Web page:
The two-day annual gathering of leaders of the 22-member Arab League begins in the Tunisian capital Tunis on Monday.
"An Egyptian document containing ideas and plans for the future Middle East was presented and sparked discussions that were sometimes stormy," one official said, adding that "the majority wanted it to be adopted by the summit."
"But some countries, such as Syria and Lebanon, believe it is not necessary to present a reform plan now, when the priority should be the Arab-Israeli conflict," the official said.
Adding to the tension was the bitter memory of the assassination on Monday by Israeli forces of Shaikh Ahmad Yasin, spiritual guide to the Palestinian resistance group Hamas.
Disagreements emerged at an informal gathering of the ministers on Thursday, prompting certain delegates to suggest the summit might be postponed.
Saudi prince Abd Allah bin Abd
al-Aziz not to attend summit
It was a possibility that gained credibility from a Saudi announcement that Crown Prince Abd Allah bin Abd al-Aziz would not attend the summit.
Algerian President Abd al-Aziz Bouteflika later said he had heard officially that some countries wanted the summit to be postponed.
But Arab Secretary General Amr Mussa insisted the summit would go ahead as planned and denied that it would be put off.
Arab states opposed to discussing reforms maintain that the summit should limit itself to adopting a firm position on Israel that demands an Israeli withdrawal from Arab territory occupied since 1967.
They say a proposal by Israeli Prime Minister Ariel Sharon for a unilateral Israeli withdrawal from Gaza should be considered within the framework of the "roadmap," an international plan aimed at resolving the Israeli-Palestinian conflict.
But countries backing the Egyptian document insist that settling the Arab-Israeli dispute must "go hand in hand with reform," commented another senior Arab official.
"To ignore the Arab-Israeli conflict and undertake reform as if it didn't exist is not realistic," he said.
"Just as it would not be realistic to ignore the need for reform because of the conflict. The two have to move in tandem," the official said.
Arab states backing the Egyptian initiative also deny they have been influenced by the Bush administration's own visions of a "Greater Middle East."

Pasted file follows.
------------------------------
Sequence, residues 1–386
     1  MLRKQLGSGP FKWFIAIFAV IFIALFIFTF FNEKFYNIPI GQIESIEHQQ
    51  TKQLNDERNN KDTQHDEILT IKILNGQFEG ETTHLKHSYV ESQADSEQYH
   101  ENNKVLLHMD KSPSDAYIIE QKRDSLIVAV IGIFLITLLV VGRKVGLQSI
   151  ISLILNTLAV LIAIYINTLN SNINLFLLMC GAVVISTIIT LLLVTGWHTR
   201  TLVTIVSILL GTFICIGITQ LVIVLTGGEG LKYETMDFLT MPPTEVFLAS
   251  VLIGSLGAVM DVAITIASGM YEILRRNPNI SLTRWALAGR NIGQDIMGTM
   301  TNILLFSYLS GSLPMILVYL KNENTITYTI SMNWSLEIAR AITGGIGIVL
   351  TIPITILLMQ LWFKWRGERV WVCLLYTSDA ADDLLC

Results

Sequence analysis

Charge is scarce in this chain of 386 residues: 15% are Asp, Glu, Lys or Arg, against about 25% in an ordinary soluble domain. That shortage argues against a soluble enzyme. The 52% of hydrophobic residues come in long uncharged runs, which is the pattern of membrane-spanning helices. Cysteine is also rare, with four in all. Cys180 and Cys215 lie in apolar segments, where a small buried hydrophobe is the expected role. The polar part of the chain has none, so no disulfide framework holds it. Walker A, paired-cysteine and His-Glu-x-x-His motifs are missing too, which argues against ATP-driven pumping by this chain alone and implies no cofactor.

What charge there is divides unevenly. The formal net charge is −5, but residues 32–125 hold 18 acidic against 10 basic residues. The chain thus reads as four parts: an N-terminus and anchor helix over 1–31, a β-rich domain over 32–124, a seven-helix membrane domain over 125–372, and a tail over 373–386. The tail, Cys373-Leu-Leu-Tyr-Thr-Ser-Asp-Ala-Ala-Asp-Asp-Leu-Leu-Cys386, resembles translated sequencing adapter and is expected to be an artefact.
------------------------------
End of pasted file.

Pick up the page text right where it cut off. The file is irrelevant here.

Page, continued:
Yassin assassination has altered
situation, said a delegate
Jordan Foreign Minister Marwan Moasher said "the region must present its own reform initiative in order to prevent the imposition of reforms from the outside."
Another delegate said "the (Egyptian) document had enough momentum to be adopted but the assassination of Shaikh Yasin has changed the atmosphere at the summit," he added.
An Arab official disclosed that the Egyptian reform document "mentions all basic freedoms - women's rights, civil liberties, legal reform, economic modernisation and the promotion of knowledge."
"The summit would leave it up to each country to implement the reforms at its own pace," another delegate explained.
"Even if it's just words, the fact that an Arab summit adopted a reform plan would change the general climate."
Palestinian foreign minister Nabil Shaath, meanwhile, charged that the killing of Yasin was "an intentional blow against the summit by Israeli Prime Minister Ariel Sharon."
"Sharon's goal is to harm the summit and to influence the climate at the meeting"
"Sharon's goal is to harm the summit and to influence the climate at the meeting," he told journalists as he travelled from Amman to Tunis.
An Arab summit in March 2002 in Beirut adopted a Saudi plan that offered Israel normal relations with the Arab world in exchange for its withdrawal from the occupied territories.
"The plan is still adequate because it defies Israel's expansionist aims and its assassination policy," Shaath said, stressing that the Palestinian Authority opposes "the killing of civilians, be they Israeli or Palestinian."
On Iraq there appears to be Arab unanimity.
Iraqi Foreign Minister Hoshyar Zebari said his country had presented a plan on the future of Iraq "based on the decision taken by Arab ministers in Cairo."
That initiative re-affirmed support for Iraq's territorial unity and sovereignty and stressed the need to develop a role for the United Nations in the country.